Doom co-creator and all-around genius John Carmack left the company he helped found last year. Now the people he used to work for say he took their technology with him.
Last year, Carmack left id Software for the virtual reality company Oculus Rift, which was purchased by Facebook earlier this year for $US2 billion. Zenimax, the parent company of id, is now threatening legal action, claiming that Carmack took proprietary technology he developed at id and used it to help "develop and market" the Oculus Rift goggles, which allow you to look around and virtually inhabit a video game world.
There have been no lawsuits filed yet, but both parties have swapped formal letters about the issue. The Wall Street Journal saw documents exchanged between lawyers from Zenimax and Oculus, and the claims are harsh.
"It was only through the concerted efforts of Mr Carmack, using technology developed over many years at, and owned by, ZeniMax, that Mr Luckey was able to transform his garage-based pipe dream into a working reality," Zenimax lawyers wrote to Oculus and Facebook, according to the Journal.
"It's unfortunate, but when there's this type of transaction, people come out of the woodwork with ridiculous and absurd claims," Oculus said in a statement to media. "We intend to vigorously defend Oculus and its investors to the fullest extent."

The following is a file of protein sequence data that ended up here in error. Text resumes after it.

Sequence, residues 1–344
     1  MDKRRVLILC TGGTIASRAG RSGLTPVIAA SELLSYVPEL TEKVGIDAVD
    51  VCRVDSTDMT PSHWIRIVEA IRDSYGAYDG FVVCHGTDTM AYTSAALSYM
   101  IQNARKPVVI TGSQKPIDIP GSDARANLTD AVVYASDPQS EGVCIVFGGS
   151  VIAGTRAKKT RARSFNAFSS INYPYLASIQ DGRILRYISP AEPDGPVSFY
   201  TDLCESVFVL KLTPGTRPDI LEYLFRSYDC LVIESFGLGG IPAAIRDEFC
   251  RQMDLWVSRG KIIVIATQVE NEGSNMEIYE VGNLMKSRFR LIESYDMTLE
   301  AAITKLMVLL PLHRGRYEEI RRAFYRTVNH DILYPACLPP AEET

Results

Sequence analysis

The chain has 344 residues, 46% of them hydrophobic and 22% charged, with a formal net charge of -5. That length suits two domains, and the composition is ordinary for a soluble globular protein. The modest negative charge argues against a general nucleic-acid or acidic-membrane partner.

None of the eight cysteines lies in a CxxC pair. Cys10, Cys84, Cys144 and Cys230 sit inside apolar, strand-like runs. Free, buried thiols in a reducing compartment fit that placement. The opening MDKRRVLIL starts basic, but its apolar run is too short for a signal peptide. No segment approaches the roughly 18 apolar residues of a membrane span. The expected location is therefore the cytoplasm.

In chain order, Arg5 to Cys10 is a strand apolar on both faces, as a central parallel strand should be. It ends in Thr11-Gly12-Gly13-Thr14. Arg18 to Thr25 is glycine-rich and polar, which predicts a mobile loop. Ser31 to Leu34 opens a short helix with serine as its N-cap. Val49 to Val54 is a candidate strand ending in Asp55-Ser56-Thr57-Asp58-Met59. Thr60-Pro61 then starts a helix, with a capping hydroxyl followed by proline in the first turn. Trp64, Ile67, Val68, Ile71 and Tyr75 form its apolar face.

And here's the full statement Zenimax sent out to media including Engadget:
ZeniMax confirms it recently sent formal notice of its legal rights to Oculus concerning its ownership of key technology used by Oculus to develop and market the Oculus Rift. ZeniMax's technology may not be licensed, transferred or sold without ZeniMax Media's approval. ZeniMax's intellectual property rights arise by reason of extensive VR research and development works done over a number of years by John Carmack while a ZeniMax employee, and others. ZeniMax provided necessary VR technology and other valuable assistance to Palmer Luckey and other Oculus employees in 2012 and 2013 to make the Oculus Rift a viable VR product, superior to other VR market offerings.
The proprietary technology and know-how Mr. Carmack developed when he was a ZeniMax employee, and used by Oculus, are owned by ZeniMax. Well before the Facebook transaction was announced, Mr. Luckey acknowledged in writing ZeniMax's legal ownership of this intellectual property. It was further agreed that Mr. Luckey would not disclose this technology to third persons without approval. Oculus has used and exploited ZeniMax's technology and intellectual property without authorization, compensation or credit to ZeniMax. ZeniMax and Oculus previously attempted to reach an agreement whereby ZeniMax would be compensated for its intellectual property through equity ownership in Oculus but were unable to reach a satisfactory resolution. ZeniMax believes it is necessary to address these matters now and will take the necessary action to protect its interests."
Carmack also chimed in this afternoon:
No work I have ever done has been patented. Zenimax owns the code that I wrote, but they don't own VR.
— John Carmack (@ID_AA_Carmack) May 1, 2014
Seems like this battle is just getting started. We'll keep you updated as we hear more.